Investigatory Project
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Investigatory Projects Example

Purifying Used Cooking Oil

This investigatory project determines the possibility of purifying used cooking oil using sedimentation method. The activated carbon was also used in the experiment to absorb some dissolved substances in the oil. There were three different setups used in this study namely; Setup 1 (sedimentation was done once); Setup 2 (sedimentation was done twice); and Setup 3 (sedimentation was done thrice).

Used Cooking Oil as an Additive Component of Candle

The study aims to produce a low-priced, high-quality candle by using used cooking oil as a major component. The following candle compositions were used: 100 percent paraffin wax; 90 percent paraffin and 10 percent oil; 80 percent paraffin and 20 percent oil; 70 percent paraffin and 30 percent oil; 60 percent paraffin and 40 percent oil; 50 percent paraffin and 50 percent oil. The firmness, texture, and light intensity of the candles were tested and compared.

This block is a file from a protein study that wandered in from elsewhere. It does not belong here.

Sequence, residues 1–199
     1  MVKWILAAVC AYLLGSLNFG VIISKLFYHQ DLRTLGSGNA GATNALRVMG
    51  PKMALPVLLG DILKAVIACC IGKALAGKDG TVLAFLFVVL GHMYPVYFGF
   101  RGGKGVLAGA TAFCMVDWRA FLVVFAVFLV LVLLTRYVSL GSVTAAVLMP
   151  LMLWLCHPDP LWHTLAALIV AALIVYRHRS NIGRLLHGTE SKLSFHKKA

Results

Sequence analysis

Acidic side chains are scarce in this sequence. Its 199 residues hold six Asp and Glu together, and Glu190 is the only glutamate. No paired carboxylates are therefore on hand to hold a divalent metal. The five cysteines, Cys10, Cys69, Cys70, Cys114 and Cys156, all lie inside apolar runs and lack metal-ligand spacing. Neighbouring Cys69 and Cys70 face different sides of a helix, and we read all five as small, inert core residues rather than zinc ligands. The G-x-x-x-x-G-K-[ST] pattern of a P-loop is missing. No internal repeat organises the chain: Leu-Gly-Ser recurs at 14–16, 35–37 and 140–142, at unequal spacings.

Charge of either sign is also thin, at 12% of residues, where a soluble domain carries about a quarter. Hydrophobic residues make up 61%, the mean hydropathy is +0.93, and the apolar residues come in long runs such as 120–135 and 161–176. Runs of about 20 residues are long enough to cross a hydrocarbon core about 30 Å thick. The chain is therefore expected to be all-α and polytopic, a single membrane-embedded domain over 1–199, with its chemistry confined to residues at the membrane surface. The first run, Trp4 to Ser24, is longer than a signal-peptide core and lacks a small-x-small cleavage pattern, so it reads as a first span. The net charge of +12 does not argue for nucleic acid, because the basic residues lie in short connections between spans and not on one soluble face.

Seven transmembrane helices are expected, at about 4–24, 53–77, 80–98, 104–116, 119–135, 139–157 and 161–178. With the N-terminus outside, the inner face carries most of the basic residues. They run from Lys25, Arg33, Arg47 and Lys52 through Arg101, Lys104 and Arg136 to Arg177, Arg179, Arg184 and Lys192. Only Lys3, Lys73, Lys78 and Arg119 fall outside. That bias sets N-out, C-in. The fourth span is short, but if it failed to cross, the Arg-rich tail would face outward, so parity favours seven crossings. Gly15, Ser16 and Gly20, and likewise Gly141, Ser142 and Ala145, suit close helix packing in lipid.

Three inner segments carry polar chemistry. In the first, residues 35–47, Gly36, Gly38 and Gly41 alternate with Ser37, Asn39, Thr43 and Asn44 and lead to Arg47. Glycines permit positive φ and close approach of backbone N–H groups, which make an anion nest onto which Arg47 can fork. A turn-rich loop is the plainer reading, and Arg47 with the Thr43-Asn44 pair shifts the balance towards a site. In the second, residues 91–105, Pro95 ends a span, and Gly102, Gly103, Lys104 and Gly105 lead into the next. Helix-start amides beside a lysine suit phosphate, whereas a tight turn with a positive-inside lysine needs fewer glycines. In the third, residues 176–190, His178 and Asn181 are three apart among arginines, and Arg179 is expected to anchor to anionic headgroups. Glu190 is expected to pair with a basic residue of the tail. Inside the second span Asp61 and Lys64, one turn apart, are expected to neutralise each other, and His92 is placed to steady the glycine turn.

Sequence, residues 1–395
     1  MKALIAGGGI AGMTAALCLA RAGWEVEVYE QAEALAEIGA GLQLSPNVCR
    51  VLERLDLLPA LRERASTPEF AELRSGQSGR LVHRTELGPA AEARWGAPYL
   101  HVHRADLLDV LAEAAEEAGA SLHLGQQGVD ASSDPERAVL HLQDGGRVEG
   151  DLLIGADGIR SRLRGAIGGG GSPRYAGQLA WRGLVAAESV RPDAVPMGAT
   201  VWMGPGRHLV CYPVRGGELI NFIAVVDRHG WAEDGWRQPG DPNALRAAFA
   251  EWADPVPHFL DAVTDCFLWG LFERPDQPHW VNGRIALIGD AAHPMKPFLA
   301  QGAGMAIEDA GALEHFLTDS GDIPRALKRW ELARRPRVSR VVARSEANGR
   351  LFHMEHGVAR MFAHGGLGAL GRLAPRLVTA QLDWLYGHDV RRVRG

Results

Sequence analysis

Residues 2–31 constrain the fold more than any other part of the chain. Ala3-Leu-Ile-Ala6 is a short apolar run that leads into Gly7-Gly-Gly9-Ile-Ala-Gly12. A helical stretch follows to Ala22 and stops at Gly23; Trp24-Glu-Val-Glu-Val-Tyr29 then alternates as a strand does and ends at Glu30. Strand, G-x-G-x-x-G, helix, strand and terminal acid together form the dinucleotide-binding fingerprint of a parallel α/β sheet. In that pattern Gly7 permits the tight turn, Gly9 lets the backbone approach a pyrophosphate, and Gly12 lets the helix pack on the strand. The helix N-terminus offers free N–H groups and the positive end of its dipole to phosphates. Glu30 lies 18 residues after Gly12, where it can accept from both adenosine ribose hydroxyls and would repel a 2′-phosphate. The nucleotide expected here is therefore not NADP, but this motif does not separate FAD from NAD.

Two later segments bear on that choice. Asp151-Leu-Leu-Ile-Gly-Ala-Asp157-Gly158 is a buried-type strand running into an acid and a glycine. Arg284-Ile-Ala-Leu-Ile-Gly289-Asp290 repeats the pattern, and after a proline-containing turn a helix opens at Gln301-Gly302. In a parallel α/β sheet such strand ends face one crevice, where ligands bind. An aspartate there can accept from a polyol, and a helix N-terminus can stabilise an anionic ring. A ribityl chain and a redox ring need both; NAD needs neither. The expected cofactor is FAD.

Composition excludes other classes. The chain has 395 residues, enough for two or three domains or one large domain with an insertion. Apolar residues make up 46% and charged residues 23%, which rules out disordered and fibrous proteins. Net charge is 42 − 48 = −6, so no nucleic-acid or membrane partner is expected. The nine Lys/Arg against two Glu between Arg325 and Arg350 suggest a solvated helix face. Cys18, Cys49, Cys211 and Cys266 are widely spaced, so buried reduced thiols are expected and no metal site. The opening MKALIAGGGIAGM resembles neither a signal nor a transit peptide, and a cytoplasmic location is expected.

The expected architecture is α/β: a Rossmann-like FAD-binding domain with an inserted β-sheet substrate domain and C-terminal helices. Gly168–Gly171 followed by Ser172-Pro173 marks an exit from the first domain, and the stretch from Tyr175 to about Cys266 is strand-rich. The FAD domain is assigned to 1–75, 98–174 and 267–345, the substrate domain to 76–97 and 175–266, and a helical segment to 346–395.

Cellular Phone as Electrical Device Activator

This study aims to focuses on the development of a remote control that will function in activating any desired electrical device out of a common gadget, the cellular phone.

The researchers developed a remote control using the widely used medium for communication, which is the cellular phone. This device will operate as a remote control that can activate different electrical devices regardless of the distance, because cellular phones operate through microwaves as its medium. Since the device can operate in very large distances, a confirmation for the activation of the electrical devices will be obtained. This device will function as a remote control to activate desired electrical device anywhere, anytime.

Elastomeric Grating for Wavelength Switching

Elastomeric Grating for Wavelength Switching in Optical Communication Systems. A diffraction grating was fabricated from an elastic polymer. It was patterned after a plane reflection grating with a pitch of 1,200 lines/mm. It was characterized using HeNe laser to verify grating properties. Angular scanning as a function of applied strain was observed for two individual wavelengths. Intensity of the fiber output was optimized as an application of angular scanning in fine alignment. Beam profiles showed consistency of first order diffraction intensities at different levels of strain. This showed that the elastomeric grating’s efficiency is independent of strain. The elastomeric grating’s variable pitch can be of immense utility in optical communication systems.

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